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Subject: Casting off - tip from Bob Doiron
(Posted on Apr 22, 2010 at 08:34AM ) Tags:
Bob Doiron of Alberta sent in the following tip to share.  He refers to it as a "Jamie Johnson special."  Bob took a course with Jamie a few years back and has gone on to charter and then purchase a quarter share with One 4 Yacht Fractions.

SELF RELEASING LINES
 
We were taught to pass the lines through the dock cleat, rail or whatever mechanism is there and bring the line back to the boat cleat to tie it off. The trick is to pass it under the cleat or rail from the boat side so when it is released you flop the line on the dock and avoid having the end drop in the drink as you reel it in. If you pass it over the cleat or rail and fop the line on the dock
it wraps and binds. It works really slick and has the following advantages:


    * It is simply easier and quicker to tie off.
    * It can work well when getting assistance from well
      meaning dock hands as you can control the degree to which the bow or stern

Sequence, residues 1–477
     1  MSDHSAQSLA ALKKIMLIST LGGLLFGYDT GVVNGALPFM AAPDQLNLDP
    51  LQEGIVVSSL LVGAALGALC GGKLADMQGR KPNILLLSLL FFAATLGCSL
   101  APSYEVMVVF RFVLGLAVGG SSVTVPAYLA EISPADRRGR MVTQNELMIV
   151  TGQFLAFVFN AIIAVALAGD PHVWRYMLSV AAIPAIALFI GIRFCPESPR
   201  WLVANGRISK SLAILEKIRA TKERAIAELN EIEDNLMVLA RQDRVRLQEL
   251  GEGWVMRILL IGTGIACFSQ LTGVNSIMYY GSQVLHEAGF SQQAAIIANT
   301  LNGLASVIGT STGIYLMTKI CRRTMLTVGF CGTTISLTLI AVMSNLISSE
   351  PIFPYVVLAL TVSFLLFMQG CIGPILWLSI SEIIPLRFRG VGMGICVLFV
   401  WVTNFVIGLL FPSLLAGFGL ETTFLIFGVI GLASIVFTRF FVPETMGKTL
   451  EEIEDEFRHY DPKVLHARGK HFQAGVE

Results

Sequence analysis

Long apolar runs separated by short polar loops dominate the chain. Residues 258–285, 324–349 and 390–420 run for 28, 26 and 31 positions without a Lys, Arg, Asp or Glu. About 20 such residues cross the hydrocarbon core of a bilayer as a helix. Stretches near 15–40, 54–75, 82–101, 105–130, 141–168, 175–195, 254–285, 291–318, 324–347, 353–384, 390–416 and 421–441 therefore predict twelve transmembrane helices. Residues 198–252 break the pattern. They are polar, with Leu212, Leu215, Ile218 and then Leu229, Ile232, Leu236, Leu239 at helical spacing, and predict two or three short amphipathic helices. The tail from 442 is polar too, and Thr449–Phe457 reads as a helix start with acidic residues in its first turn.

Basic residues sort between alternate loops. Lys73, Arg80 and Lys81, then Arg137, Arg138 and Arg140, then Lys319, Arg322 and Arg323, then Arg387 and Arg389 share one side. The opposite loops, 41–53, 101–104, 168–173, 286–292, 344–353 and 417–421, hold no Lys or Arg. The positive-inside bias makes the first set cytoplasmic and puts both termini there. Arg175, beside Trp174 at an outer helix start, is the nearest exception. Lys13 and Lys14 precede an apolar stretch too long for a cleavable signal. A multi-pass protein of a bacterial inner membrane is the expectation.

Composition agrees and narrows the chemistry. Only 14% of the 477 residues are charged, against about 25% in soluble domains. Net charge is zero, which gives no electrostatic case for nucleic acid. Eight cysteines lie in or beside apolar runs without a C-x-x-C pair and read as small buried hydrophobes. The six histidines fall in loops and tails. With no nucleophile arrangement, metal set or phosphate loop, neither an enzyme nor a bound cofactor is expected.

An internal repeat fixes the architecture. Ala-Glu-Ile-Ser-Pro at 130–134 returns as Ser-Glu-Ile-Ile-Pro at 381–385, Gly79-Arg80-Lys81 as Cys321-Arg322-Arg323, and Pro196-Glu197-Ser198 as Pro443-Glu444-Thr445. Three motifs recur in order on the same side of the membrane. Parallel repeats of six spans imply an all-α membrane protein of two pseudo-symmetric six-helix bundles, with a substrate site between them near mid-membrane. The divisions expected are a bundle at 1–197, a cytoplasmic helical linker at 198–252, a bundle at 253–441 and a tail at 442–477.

is pulled in because you get them to pass it back to you.
    * It is safer for the crew because lines can be released
      while on board; no jumping on.
    * When you are checking your lines it can all be done on
      board and easily adjusted. This is particularly true under windy
      conditions. (New Years Eve 2008 tied up at Ganges with 60 - 70 KM winds on
      our starboard beam the docks were rocking quite hard as was the boat.
      Having our lines self releasing enabled us to check and adjust as needed
      very safely.)
    * It works equally as well with spring lines as others,
      even with rails, as you are virtually always able to find stops all along
      the rail to hold a spring in proper position.
    * If you must do a bow 'spring off' it is virtually
      essential to have a self releasing line unless you have someone on the
      dock to assist.



In the five years we have boated there have been only a handful of times when we haven't been able to do this because of the dock or lack of cleats. Even if you don't have enough bow line you can release it while on the dock and then board and release the remaining lines in a safe and orderly manner. If there is a line that won't work It's usually the bow line because of the distance from the centre line of the boat to the dock.



THANKS BOB for your submission!